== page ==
On a related note, International Airlines Group reports its 2nd quarter financial results this coming Friday.

Sunday Times: Thomas Cook mulls sale of airline

The Sunday Times has reported Thomas Cook is considering a partial sale of its airline to help pay down debt.

At Gatwick, Thomas Cook has a relatively small long-haul presence, serving Cancun, Cayo Coco, Holguin, and Orlando, It also has a number of short-haul routes. It has also built up a substantial long-haul presence at Manchester serving Boston, Cancun, Los Angeles, New York, Orlando, San Francisco and Seattle.

The Sunday Times’ track record of aviation business stories citing “industry sources” is patchy at best. However, very often these stories are deliberately leaked (with a non-denial denial on the record) to drum up interest from potential buyers.
Continue reading “Monday Briefing – 30 July 2018”

Flying Over The Florida Keys

London Air Travel

Sunset at the Florida Keys
Sunset at the Florida Keys (Image Credit: London Air Travel)

The Florida Keys, as the southernmost point of the US, have long been a popular escape from winter in the Northern hemisphere for those seeking a more bohemian alternative to the crowds and overt self-confidence of Miami Beach. And it has better sunsets.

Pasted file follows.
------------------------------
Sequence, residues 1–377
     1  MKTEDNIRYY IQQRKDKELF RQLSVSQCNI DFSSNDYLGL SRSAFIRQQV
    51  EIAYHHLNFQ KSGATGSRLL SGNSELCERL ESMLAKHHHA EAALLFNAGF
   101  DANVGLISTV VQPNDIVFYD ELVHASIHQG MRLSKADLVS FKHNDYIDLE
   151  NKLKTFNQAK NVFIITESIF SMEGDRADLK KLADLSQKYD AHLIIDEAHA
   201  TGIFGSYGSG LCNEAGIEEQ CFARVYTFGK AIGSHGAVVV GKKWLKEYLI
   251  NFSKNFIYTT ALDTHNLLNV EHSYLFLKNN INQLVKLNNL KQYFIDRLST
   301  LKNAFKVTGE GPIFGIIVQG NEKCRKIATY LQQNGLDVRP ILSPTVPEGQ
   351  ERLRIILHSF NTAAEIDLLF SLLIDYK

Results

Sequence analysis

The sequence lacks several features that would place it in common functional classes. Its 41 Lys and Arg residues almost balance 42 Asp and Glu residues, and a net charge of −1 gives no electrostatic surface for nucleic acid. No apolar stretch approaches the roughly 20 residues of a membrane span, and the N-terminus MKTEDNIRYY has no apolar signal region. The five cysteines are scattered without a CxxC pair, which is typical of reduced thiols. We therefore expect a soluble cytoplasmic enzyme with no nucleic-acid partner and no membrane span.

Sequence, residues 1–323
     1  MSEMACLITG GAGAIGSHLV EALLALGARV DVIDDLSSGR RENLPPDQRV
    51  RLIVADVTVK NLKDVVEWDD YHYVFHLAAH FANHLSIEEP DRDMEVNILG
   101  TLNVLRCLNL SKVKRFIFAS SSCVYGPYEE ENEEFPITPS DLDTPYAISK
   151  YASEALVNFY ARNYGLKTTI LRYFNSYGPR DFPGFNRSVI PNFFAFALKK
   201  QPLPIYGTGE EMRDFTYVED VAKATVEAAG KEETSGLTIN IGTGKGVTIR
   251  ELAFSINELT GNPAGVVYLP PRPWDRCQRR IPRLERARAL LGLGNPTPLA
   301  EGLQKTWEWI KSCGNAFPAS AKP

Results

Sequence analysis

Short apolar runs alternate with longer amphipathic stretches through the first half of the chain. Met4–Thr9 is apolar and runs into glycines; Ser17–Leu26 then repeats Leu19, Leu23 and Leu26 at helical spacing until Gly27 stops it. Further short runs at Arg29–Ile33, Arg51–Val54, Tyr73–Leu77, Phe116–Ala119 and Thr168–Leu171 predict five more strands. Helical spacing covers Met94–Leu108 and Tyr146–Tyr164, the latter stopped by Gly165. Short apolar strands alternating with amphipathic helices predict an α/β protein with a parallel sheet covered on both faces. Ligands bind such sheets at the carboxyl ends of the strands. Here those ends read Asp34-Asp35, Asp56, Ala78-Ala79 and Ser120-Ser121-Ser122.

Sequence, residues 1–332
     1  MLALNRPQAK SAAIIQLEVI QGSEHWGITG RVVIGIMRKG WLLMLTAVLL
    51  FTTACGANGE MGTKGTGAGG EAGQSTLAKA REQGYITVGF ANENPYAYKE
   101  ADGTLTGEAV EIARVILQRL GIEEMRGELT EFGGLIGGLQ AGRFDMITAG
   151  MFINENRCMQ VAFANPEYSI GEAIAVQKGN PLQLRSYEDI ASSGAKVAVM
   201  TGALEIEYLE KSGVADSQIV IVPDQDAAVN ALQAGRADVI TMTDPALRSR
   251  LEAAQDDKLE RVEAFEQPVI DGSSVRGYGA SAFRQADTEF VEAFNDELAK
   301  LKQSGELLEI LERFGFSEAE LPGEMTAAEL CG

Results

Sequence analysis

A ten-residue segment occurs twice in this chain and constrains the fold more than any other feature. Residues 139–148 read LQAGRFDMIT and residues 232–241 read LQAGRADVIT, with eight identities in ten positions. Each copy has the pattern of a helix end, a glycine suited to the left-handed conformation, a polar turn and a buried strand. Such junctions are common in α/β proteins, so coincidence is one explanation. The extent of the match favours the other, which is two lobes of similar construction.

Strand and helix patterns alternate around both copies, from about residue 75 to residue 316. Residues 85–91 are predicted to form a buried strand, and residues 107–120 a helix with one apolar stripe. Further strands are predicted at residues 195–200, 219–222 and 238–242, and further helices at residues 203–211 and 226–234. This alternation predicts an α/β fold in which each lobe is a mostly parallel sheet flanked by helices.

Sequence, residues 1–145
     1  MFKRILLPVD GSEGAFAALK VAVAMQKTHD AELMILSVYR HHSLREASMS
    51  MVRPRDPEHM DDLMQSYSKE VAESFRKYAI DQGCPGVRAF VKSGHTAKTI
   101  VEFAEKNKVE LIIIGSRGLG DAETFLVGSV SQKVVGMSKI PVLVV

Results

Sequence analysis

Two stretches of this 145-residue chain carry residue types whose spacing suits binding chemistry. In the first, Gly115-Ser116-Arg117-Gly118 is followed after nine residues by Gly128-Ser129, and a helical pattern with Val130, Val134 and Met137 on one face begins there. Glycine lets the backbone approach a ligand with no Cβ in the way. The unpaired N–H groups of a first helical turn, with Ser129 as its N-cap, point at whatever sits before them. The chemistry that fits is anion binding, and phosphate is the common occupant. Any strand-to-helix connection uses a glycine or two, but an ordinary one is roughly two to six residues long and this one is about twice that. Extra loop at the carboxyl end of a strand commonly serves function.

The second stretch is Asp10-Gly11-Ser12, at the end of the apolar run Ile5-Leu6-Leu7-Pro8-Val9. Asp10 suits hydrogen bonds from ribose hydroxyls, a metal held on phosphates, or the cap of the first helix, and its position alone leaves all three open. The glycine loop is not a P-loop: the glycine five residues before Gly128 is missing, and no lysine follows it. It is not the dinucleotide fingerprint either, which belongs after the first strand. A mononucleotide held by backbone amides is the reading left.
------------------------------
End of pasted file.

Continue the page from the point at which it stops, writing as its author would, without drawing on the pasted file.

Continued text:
You can of course drive there, but there is also the option of flying. Many US airlines, through their regional affiliates, fly to Key West International Airport with varying degrees of frequency from their respective hubs. American Airlines from Dallas Fort Worth and Miami; Delta from Atlanta; and United from Chicago O’Hare and Newark.

You’ll also see a number of private plans on the airfield at Key West. Other than that it’s largely Silver Airways flights to the Florida region, an airline we don’t know enough about to comment on – though online reviews don’t instil confidence.

It’s flying between Miami and Key West over the Florida Keys on American Eagle that we’ll cover as it is the most likely route for visitors to Florida.

American serves the route many times a day, typically using Embraer E175 aircraft operated by Republic Airlines under the American Eagle livery.

American Eagle Embraer E175 aircraft at Key West airport
American Eagle Embraer E175 aircraft at Key West airport (Image Credit: London Air Travel)